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Reading and Writing CSV Files in R: Introduce na.strings argument and explain how to read CSV file by providing a filename only #387

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mrakovic opened this issue Jul 30, 2018 · 4 comments

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@mrakovic
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@mrakovic mrakovic commented Jul 30, 2018

Hi everyone,
I would like to offer two suggestions related to the lesson "Reading and Writing CSV Files in R":

  1. In most cases, researchers need to deal with missing data in their datasets, so introducing na.strings argument (among other read.csv arguments introduced in the lesson so far) may be a useful complement for those researchers who want to know, for example, how to convert empty cells in a dataframe to a NA string - conventional label that R understands as missing data point.
  2. From my experience, some researchers prefer to place their CSV files into a working directory (root level, without using subfolders), so having this scenario covered in the read.csv introduction may be an addition worth considering. For example, read.csv(file = 'car-speeds.csv') will locate and read the file if it exists in a working directory (assuming that working directory was properly set before).
    Looking forward to reading your comments.
    Mladen
@diyadas
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@diyadas diyadas commented Jul 31, 2018

Hi Mladen! Thanks for your comments.

  1. I could see a case for this, especially as na is covered as an argument in write.csv later on, but I'd like @katrinleinweber to weigh in on this as well before proceeding.

  2. I would actually caution against this. I believe it's more helpful to have learners understand how to get data that is not stored in the same location as their working directory and I find it good practice to separate scripts vs. data. I also feel like a lot of the particulars of navigating directories are covered well in the Unix shell lesson (which is often taught just prior to the R lesson in many Carpentry workshops).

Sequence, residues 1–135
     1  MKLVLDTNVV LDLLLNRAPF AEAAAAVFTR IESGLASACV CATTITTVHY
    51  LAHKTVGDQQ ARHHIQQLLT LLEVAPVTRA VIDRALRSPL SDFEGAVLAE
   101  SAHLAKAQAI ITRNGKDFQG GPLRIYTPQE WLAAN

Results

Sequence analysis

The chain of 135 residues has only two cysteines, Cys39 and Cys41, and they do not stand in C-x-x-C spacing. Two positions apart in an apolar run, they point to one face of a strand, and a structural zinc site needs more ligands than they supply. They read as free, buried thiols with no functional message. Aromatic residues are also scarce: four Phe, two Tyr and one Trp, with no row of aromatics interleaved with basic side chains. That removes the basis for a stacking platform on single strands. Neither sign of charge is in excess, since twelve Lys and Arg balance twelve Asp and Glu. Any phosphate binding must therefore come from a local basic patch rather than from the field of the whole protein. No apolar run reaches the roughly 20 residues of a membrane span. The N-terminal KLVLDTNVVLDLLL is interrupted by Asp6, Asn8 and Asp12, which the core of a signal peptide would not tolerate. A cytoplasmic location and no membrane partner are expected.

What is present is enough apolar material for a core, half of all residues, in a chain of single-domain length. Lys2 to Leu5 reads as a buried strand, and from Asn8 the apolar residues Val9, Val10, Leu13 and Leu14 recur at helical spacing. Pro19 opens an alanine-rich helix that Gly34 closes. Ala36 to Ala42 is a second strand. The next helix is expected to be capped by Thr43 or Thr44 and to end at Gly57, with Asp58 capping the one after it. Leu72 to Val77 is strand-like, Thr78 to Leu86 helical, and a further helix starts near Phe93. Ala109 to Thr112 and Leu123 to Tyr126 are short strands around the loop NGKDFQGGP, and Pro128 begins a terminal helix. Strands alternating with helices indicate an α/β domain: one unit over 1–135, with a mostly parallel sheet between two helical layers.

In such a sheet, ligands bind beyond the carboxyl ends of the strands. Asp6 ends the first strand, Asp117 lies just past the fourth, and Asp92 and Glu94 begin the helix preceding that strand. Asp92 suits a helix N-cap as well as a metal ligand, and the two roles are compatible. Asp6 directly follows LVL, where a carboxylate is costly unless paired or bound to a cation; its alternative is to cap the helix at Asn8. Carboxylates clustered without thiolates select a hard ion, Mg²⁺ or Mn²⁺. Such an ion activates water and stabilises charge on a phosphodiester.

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@katrinleinweber
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@katrinleinweber katrinleinweber commented Jul 31, 2018

Hello :-) I agree with @diyadas' 2. argument.

About 1.: The argument is also intended for cases in which the raw data contains something else, like n.a., --, etc. It can also take a c()ombination of several strings. I think a PR changing exactly the phrases that you mean, or adding what you want to see included, would be best to decide. If you do, please include a "(fix #387)" in your commit message. It will unlock a little GitHub magic ;-)

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@EastBayEv
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@EastBayEv EastBayEv commented Feb 12, 2020

This is a great point! While the "Import Dataset" button is handy, I cannot find a way to pass a vector of na.strings into that field when using the "Import Dataset" button (only single values), thus making the hard-coding of read.csv even more valuable.

Does anybody know if you can indeed pass a vector of na.strings into that field whilst using the "Import Dataset" button?

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@PaulMelloy
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@PaulMelloy PaulMelloy commented Dec 1, 2020

Hello, I have added a pull request to try and address this issue. #494
I thought the addition would be best suited in the "Reading and Writing CSV Files" episode. I attempted to make it a challenge question after the stringsAsFactors argument topic.
Let me know if you think there are better data sets than the two I used as an example and I could edit it.

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